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c casting malloc

Do I cast the result of malloc?

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In this question, someone suggested in a comment that I should not cast the result of malloc. i.e., I should do this:

int *sieve = malloc(sizeof(*sieve) * length);

rather than:

int *sieve = (int *) malloc(sizeof(*sieve) * length);

Why would this be the case?

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    stackoverflow.com/q/7545365/168175

    – Flexo

    Jan 15, 2012 at 20:06

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    Casts are evil. I see so many cast in code just as a result of bad coding practice. Whenever you need to insert one the first thing you should ask yourselves is ” what is wrong here” . Is everything declared as it should be ? If it is no cast would be needed so something is declared wrong. If you really do need to do some low level stuff on individual bytes in an int or so consider a union to access them. That’ll declare them just fine. As a rule of thumb do not insert them unless the compiler complains. Then avoid them. This example will not complain. void pointer will promote to any type.

    Feb 21, 2021 at 21:52


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    @HansLepoeter in C++ , those are necessary for malloc, giving some basis to my notion that there’s something wrong with it

    – An Ant

    Feb 27, 2021 at 11:51

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TL;DR

int *sieve = (int *) malloc(sizeof(int) * length);

has two problems. The cast and that you’re using the type instead of variable as argument for sizeof. Instead, do like this:

int *sieve = malloc(sizeof *sieve * length);

Long version

No; you don’t cast the result, since:

  • It is unnecessary, as void * is automatically and safely promoted to any other pointer type in this case.
  • It adds clutter to the code, casts are not very easy to read (especially if the pointer type is long).
  • It makes you repeat yourself, which is generally bad.
  • It can hide an error if you forgot to include <stdlib.h>. This can cause crashes (or, worse, not cause a crash until way later in some totally different part of the code). Consider what happens if pointers and integers are differently sized; then you’re hiding a warning by casting and might lose bits of your returned address. Note: as of C99 implicit functions are gone from C, and this point is no longer relevant since there’s no automatic assumption that undeclared functions return int.

As a clarification, note that I said “you don’t cast”, not “you don’t need to cast”. In my opinion, it’s a failure to include the cast, even if you got it right. There are simply no benefits to doing it, but a bunch of potential risks, and including the cast indicates that you don’t know about the risks.

Also note, as commentators point out, that the above talks about straight C, not C++. I very firmly believe in C and C++ as separate languages.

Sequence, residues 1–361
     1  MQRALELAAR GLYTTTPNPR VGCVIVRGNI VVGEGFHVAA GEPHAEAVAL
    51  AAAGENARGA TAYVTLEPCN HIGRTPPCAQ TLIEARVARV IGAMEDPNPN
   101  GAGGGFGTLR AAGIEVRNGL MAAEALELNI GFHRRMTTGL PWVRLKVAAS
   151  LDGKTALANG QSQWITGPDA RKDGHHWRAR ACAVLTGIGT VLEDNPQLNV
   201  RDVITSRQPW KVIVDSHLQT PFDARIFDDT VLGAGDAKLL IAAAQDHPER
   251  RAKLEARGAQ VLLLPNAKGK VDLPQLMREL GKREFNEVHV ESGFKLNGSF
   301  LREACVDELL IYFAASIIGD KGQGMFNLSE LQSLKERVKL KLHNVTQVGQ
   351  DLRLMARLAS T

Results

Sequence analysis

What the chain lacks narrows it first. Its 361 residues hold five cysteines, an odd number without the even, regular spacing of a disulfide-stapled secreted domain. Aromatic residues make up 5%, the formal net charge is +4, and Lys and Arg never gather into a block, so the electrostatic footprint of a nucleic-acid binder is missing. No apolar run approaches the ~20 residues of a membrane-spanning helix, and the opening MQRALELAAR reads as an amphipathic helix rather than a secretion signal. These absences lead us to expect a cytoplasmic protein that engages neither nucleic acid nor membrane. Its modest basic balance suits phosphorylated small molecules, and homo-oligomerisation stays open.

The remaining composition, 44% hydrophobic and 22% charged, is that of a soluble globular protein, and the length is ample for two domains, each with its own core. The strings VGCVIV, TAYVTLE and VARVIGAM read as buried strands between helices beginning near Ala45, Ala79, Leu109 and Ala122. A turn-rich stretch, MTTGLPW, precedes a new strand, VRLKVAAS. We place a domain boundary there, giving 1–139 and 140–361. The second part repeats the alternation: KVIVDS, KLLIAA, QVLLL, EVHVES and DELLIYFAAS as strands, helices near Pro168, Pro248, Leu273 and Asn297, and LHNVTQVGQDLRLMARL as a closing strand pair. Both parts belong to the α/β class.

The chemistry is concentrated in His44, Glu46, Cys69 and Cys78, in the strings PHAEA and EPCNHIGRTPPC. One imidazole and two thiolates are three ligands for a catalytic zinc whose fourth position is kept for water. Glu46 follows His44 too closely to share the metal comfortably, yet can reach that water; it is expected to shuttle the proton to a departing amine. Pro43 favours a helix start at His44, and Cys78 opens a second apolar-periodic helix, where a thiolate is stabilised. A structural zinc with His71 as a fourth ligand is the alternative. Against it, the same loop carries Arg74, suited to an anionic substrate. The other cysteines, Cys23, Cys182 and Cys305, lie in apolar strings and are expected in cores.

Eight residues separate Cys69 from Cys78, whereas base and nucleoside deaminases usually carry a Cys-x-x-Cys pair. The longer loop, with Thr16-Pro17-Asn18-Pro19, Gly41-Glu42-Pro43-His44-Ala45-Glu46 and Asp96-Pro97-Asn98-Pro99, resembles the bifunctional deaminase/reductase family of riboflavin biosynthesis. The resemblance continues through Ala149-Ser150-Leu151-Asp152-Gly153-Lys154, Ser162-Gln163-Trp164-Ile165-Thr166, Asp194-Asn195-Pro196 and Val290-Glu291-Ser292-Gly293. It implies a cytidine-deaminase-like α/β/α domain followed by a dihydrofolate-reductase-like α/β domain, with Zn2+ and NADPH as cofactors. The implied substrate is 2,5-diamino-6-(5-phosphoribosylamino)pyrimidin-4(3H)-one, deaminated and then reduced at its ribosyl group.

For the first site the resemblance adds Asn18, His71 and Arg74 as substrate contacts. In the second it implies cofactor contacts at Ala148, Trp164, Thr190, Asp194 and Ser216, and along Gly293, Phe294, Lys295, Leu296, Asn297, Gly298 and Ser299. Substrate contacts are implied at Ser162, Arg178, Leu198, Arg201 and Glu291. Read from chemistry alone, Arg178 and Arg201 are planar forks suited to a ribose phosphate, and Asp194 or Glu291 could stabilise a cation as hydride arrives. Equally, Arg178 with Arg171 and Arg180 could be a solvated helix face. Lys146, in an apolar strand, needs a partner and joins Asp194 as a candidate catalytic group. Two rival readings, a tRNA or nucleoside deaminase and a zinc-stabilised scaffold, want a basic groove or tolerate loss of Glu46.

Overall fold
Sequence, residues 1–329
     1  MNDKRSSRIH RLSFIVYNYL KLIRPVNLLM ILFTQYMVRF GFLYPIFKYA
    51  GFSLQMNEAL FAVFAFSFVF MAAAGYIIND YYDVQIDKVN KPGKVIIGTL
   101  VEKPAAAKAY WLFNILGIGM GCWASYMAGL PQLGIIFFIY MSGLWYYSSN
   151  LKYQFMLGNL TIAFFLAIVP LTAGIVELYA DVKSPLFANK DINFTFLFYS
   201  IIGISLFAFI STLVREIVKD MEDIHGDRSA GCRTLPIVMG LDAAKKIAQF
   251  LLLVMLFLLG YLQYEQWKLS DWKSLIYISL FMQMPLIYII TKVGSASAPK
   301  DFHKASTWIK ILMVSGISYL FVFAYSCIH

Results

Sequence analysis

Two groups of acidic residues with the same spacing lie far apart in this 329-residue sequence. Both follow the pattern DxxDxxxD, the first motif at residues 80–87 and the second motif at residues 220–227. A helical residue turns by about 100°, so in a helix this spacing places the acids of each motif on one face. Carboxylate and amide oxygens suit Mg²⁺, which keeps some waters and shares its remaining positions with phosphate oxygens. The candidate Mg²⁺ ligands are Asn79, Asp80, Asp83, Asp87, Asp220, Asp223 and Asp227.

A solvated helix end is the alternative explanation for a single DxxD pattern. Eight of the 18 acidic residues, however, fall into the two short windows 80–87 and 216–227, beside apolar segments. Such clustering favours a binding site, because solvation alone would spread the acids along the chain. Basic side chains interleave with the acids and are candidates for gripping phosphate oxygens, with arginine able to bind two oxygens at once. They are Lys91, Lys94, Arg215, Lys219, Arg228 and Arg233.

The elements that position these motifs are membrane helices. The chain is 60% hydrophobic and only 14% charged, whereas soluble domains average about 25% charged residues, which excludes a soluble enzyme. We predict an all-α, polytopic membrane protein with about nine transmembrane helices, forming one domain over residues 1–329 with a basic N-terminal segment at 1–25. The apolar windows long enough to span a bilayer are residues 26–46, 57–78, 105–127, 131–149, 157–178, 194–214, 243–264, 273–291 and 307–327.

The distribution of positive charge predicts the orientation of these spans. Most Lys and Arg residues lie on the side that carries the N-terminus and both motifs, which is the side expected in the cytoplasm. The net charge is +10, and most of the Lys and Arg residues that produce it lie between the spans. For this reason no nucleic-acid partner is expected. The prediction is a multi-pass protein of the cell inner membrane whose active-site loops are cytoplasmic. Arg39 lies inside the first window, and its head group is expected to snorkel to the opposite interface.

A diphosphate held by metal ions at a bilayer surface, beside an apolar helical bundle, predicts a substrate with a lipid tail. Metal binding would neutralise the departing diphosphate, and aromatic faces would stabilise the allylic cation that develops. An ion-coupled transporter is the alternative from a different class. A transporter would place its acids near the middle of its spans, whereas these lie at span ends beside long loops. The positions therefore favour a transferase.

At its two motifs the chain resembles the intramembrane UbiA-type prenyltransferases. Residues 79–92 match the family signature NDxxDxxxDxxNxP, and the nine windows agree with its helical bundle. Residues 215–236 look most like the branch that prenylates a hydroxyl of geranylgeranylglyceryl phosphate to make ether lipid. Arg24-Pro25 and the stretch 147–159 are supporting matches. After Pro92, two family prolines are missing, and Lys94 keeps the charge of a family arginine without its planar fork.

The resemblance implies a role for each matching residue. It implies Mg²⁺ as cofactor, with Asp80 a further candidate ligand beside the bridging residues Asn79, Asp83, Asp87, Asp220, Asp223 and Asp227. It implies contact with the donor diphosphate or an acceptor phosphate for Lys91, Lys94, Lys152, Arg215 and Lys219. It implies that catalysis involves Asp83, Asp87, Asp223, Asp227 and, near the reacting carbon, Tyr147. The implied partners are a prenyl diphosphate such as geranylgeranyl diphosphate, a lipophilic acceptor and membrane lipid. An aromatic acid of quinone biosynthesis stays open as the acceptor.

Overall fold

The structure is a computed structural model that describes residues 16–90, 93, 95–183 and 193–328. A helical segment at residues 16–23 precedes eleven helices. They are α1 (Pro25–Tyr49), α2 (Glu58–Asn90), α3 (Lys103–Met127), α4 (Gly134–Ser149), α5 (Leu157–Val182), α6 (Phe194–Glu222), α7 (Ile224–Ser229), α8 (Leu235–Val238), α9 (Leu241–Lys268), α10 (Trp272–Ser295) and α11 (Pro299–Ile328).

To add further, your code needlessly repeats the type information (int) which can cause errors. It’s better to de-reference the pointer being used to store the return value, to “lock” the two together:

int *sieve = malloc(length * sizeof *sieve);

This also moves the length to the front for increased visibility, and drops the redundant parentheses with sizeof; they are only needed when the argument is a type name. Many people seem to not know (or ignore) this, which makes their code more verbose. Remember: sizeof is not a function! 🙂


While moving length to the front may increase visibility in some rare cases, one should also pay attention that in the general case, it should be better to write the expression as:

int *sieve = malloc(sizeof *sieve * length);

Since keeping the sizeof first, in this case, ensures multiplication is done with at least size_t math.

Compare: malloc(sizeof *sieve * length * width) vs. malloc(length * width * sizeof *sieve) the second may overflow the length * width when width and length are smaller types than size_t.

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    Please consider updating the answer. The cast is no longer dangerous, and repeating oneself is not necessarily a bad thing (redundancy can help catch errors).

    Dec 8, 2016 at 12:30

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    Compilers have changed. An up-to-date compiler will warn you about a missing declaration of malloc.

    Dec 8, 2016 at 12:40

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    @n.m. Ok. I think it’s bad to assume that anyone reading here has a particular compiler. Also, since C11 the entire “implicit function” concept is gone, I didn’t know that. Still, I don’t see the point in adding a pointless cast. Do you also do int x = (int) 12; just to make things clear?

    – unwind

    Dec 8, 2016 at 12:48

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    @n.m. if explicitly casting a void pointer “helped” solve a bug, you more likely encountered undefined behavior, which would mean the program in question likely has a far worse, undiscovered bug that you haven’t run into yet. And one day, on a cold winter evening, you’ll come home from work to find your GitHub page flooded with issue reports complaining about demons flying out of the users’ noses

    Dec 17, 2016 at 18:49

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    @unwind Even I agree with you, (int)12 is not comparable. 12 is an int, the cast does simply nothing. The retval of malloc() is void *, not the pointer type casted to. (If it is not void *. So the analogy to (int)12 would be (void*)malloc(…) what nobody is discussing.)

    Jan 8, 2017 at 4:30

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+50